In some areas where contract demand is high, grid connection delays and permitting challenges have held back supply, it said, citing a survey of market participants.

In areas where demand is outpacing supply, 73% of respondents forecast PPA prices will rise.

“Renewable energy buyers should be aware that it may be a buyer’s market in many places now, but as more companies, utilities and governments commit to renewable energy, we’re already starting to see the pendulum swing to a seller’s market," Rob Collier, Vice President of Developer Relations at LevelTen, said.

California to accelerate new capacity build, re-evaluate load

California's energy agencies have pledged to accelerate new capacity installations and adapt resource planning targets to worsening climate change effects, to avoid a repetition of the blackouts enforced during a heatwave in August.

California ISO (CAISO) urged consumers to conserve electricity during afternoon and evening periods as solar resources waned and demand rose. Additional issues included unplanned stoppages of gas-fired plants, swinging wind resources and a lack of imports from neighbouring states suffering similar temperatures.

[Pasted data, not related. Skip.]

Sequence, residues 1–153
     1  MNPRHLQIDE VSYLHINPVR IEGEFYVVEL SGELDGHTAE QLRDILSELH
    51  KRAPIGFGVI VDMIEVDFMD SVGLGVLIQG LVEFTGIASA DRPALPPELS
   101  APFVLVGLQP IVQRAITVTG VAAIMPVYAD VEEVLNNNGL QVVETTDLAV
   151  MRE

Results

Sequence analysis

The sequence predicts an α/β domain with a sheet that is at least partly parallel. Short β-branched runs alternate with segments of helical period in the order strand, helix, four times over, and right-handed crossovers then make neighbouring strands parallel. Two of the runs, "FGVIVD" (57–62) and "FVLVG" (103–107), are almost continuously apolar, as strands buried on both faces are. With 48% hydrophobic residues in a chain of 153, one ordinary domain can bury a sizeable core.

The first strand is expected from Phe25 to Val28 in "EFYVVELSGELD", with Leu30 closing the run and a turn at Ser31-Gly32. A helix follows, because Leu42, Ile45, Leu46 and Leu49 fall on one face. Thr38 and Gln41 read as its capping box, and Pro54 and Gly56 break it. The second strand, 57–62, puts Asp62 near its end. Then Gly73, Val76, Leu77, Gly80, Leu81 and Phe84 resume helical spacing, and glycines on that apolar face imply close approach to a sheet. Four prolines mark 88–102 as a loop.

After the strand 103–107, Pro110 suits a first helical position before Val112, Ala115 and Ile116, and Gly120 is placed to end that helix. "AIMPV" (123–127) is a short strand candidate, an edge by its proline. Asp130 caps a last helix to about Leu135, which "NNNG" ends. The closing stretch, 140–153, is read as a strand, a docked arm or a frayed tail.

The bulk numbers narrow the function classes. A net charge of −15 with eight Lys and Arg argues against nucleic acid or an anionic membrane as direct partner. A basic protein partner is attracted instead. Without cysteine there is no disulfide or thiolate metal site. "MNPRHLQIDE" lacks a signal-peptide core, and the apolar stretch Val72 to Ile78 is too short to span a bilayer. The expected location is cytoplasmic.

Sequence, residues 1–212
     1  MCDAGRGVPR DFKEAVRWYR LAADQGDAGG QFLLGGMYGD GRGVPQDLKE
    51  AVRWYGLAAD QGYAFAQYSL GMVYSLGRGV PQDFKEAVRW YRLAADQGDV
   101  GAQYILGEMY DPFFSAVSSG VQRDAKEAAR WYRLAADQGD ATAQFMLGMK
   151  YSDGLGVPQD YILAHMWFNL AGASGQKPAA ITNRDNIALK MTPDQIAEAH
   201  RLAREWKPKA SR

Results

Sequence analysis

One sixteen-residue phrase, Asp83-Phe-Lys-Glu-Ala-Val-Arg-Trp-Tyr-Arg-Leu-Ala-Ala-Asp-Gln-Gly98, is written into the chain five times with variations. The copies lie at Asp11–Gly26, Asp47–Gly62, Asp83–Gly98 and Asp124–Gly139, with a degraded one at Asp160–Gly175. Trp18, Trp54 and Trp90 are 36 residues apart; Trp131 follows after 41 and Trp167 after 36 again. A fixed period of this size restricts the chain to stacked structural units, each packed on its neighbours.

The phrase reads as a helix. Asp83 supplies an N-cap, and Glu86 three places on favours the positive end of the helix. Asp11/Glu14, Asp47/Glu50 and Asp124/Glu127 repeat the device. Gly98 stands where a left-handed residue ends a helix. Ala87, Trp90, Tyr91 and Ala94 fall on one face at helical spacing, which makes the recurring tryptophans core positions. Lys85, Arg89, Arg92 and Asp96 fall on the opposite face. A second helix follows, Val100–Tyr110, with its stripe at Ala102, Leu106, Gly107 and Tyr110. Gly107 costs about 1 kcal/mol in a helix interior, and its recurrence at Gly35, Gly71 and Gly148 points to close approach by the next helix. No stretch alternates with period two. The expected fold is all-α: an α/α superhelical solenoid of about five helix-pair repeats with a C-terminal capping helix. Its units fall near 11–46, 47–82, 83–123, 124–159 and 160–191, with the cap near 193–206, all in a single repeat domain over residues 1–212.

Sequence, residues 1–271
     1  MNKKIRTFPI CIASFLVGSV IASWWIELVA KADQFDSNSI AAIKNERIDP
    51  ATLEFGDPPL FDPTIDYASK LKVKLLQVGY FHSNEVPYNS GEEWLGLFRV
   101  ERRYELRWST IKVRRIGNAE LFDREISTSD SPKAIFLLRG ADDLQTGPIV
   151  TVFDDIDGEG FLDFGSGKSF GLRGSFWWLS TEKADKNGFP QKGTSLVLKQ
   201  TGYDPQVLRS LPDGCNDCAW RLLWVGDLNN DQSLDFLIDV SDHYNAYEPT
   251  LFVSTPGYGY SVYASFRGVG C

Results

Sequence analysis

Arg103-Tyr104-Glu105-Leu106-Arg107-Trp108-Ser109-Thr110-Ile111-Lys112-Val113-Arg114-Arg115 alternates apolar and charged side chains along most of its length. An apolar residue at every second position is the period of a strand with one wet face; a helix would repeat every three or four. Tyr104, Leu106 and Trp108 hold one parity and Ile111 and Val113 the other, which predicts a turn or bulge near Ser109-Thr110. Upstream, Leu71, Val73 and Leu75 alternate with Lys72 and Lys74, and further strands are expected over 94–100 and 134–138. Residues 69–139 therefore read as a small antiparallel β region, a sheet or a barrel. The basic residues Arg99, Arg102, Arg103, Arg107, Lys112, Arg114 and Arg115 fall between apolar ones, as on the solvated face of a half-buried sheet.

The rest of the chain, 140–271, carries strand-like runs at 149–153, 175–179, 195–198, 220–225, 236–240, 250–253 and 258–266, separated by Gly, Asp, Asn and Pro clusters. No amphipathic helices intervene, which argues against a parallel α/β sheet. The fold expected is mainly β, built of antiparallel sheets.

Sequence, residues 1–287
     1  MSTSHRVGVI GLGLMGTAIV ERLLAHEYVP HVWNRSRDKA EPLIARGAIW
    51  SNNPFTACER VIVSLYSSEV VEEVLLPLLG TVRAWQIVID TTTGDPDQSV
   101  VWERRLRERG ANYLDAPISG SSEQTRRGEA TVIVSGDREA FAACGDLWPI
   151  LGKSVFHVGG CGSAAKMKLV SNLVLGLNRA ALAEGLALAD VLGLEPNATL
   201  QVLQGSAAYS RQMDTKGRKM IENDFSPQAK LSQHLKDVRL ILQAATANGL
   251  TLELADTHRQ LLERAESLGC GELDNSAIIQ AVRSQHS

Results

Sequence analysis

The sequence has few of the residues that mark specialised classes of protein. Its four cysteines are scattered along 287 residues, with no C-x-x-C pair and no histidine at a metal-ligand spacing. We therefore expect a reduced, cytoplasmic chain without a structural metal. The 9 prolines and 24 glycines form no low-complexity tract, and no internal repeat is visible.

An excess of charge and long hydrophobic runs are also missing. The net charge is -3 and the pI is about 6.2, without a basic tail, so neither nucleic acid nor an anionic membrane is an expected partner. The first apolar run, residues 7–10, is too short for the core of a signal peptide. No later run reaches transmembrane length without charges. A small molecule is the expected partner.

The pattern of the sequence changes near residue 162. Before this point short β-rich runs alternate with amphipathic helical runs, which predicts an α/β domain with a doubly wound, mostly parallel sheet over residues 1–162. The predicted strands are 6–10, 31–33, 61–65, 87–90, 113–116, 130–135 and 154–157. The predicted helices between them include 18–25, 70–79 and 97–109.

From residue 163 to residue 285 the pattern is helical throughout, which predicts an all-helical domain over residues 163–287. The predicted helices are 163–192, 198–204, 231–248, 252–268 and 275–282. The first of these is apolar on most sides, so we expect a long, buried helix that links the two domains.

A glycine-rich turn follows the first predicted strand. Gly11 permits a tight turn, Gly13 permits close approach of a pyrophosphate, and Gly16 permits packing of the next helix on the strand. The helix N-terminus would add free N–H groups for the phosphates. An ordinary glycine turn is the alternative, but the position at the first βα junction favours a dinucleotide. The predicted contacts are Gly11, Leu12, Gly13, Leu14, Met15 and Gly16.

On October 6, the California Public Utilities Commission (CPUC) and California Energy Commission (CEC) sent their Preliminary Root Cause Analysis for the power cuts to Governor Gavin Newsom.

The outages were caused by demand levels during the extreme heatwave that exceeded assumptions in resource planning targets, as well as a lack of installed power generation capacity to meet early evening demand, the agencies said.

Load forecast and reserve margins should be updated to better account for heat storms like those seen in August and September, CPUC and CEC said.

"The current planning targets were developed in 2004 and have not been updated since," they noted.

California's vast solar fleet is unable to meet power demand after sundown, requiring significant gas-fired generation. California has around 28 GW of installed solar capacity, including 13.4 GW of utility-scale, and 7.0 GW of wind capacity. Peak power load surpassed 46 GW during the heatwave.

             California summer 2020 max on-peak power generation by type


Source: CAISO's Summer Loads and Resources Assessment, May 2020